by Wyeth under the brand name Tygacil.
It was given a U.S. Food and Drug
Administration (FDA) fast-track approval
and was approved on June 17, 2005.
It was developed in response to the growing prevalence of antibiotic resistance
in bacteria. The NDM-1 and KPC multidrug-resistant Enterobacteriaceae have
shown susceptibility to tigecycline.
It is structurally similar to the tetracyclines (which is an inhibitor of protein
synthesis), but has a substitution at the D-9 position which is believed to confer
broad spectrum activity.
Tigecycline is bacteriostatic and is a protein synthesis inhibitor by binding to the
30S ribosomal subunit of bacteria and thereby blocking entry of Aminoacyl-tRNA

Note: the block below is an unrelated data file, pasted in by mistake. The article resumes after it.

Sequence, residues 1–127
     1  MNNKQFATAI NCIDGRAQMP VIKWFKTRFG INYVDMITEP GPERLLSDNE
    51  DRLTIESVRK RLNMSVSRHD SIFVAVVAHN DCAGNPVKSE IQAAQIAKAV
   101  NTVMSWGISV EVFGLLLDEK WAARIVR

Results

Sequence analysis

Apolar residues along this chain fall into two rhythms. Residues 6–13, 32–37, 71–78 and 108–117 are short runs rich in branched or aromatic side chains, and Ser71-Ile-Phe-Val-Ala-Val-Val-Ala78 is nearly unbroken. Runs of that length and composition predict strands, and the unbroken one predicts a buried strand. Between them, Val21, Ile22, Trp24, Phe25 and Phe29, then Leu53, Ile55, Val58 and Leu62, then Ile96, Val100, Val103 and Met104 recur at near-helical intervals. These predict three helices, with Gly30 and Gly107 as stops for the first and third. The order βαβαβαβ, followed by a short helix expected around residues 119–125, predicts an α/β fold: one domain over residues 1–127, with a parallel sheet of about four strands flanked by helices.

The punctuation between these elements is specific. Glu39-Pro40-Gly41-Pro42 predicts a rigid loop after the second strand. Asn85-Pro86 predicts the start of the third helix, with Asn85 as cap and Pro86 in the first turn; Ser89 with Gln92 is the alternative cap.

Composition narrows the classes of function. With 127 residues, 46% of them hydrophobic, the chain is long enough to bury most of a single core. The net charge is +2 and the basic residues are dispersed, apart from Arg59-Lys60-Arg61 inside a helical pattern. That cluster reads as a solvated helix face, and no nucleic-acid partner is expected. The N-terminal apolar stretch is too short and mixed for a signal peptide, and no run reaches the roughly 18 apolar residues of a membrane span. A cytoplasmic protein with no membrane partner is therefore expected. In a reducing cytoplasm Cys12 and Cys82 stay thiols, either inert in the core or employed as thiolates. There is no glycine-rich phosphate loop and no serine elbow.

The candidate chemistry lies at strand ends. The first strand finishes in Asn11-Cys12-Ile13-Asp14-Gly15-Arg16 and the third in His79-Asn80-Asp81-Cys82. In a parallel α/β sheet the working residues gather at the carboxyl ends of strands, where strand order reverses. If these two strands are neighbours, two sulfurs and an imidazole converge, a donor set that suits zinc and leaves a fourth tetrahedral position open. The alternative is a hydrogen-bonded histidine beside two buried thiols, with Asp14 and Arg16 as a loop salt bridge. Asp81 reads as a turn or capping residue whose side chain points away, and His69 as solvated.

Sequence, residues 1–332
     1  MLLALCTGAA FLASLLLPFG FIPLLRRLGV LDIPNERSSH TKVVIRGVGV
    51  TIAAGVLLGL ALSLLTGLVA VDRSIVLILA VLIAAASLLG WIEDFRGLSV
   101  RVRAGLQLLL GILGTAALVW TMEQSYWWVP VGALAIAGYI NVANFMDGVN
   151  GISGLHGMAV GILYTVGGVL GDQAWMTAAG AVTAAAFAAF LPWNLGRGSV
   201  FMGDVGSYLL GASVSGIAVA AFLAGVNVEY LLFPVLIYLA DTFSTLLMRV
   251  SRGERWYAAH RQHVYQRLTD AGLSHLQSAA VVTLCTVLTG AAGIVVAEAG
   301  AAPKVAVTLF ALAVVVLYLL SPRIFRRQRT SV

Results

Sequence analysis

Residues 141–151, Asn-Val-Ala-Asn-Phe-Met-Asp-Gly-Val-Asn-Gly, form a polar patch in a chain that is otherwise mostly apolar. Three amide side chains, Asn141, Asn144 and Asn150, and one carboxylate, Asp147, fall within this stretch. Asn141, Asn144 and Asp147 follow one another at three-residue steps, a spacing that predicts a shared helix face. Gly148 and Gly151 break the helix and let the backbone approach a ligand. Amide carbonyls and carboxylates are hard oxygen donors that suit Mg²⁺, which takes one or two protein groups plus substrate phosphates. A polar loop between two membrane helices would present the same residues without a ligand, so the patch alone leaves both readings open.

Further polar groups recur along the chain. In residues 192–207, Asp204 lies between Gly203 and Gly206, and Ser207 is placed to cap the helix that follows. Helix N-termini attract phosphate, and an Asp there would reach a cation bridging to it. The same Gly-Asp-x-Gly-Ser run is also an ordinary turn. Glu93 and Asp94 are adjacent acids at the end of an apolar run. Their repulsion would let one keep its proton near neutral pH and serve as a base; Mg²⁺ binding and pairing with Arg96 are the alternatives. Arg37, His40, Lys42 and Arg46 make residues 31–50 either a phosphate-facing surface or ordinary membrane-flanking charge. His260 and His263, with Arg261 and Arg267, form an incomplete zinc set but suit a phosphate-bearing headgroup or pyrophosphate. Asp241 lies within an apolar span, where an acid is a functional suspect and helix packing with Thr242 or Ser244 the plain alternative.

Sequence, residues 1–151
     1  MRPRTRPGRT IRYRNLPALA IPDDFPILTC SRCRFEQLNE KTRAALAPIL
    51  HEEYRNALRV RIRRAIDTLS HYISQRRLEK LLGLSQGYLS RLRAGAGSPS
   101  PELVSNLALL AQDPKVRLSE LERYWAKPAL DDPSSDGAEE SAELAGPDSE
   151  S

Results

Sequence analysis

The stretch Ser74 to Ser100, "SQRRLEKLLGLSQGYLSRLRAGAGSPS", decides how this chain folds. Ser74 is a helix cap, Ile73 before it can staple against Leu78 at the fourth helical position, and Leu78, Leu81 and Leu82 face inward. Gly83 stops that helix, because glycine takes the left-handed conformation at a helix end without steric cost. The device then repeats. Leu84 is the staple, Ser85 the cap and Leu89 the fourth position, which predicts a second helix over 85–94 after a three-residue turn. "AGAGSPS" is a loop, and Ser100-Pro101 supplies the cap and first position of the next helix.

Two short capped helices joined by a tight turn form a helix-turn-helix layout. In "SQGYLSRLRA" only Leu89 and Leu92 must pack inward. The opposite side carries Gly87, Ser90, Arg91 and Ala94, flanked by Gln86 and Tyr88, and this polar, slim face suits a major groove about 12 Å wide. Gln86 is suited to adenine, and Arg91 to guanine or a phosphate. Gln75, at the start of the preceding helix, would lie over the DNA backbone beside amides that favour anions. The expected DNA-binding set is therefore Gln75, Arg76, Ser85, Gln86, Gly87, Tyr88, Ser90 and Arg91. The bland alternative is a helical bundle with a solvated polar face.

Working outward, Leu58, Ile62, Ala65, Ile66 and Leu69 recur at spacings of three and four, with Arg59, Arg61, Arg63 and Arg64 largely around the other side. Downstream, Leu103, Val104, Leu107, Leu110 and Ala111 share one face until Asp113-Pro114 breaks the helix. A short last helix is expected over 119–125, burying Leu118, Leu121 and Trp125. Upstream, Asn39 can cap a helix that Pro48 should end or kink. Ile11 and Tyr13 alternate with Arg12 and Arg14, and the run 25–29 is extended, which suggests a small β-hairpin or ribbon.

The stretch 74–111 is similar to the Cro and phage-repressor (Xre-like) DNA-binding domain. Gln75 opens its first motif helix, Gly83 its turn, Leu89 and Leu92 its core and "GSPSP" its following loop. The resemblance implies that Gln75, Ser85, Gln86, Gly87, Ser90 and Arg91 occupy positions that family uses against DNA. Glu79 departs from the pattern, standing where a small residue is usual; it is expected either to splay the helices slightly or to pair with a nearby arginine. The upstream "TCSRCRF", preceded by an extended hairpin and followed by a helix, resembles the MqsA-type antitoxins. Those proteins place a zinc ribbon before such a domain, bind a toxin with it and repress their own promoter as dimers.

into the A site of the ribosome during prokaryotic translation.
Plasmid and chromosome-encoded antibiotic resistance
Contain 5 (NJST258_1) vs 3 plasmids (NJST258_2) that vary in size from
10,925–142,768 bp and collectively encode resistance to multiple classes of
antibiotics and heavy metals.
The 3 plasmids identified in
NJST258_2 collectively
contained fewer antibiotic
and/or heavy metal
resistance determinants
than did the plasmids in
strain NJST258_1.
Plasmid and chromosome-encoded antibiotic resistance
The quinolone resistance-determining
regions in both genomes, including
gyrA, gyrB, parC, and parE genes,
contained several amino acid
replacements that likely explain
quinolone resistance in these strains.
Taken together, the data indicate that
NJST258_1 and NJST258_2 are
carbapenem-resistant K. pneumoniae
clinical isolates that encode
extensive resistance to other
classes of antibiotics, resulting in
the critical multidrug resistance
phenotype.
DNA Gyrase
Mutations observed in gyrase genes:
NJST258_1: S83I and D87G in GyrA,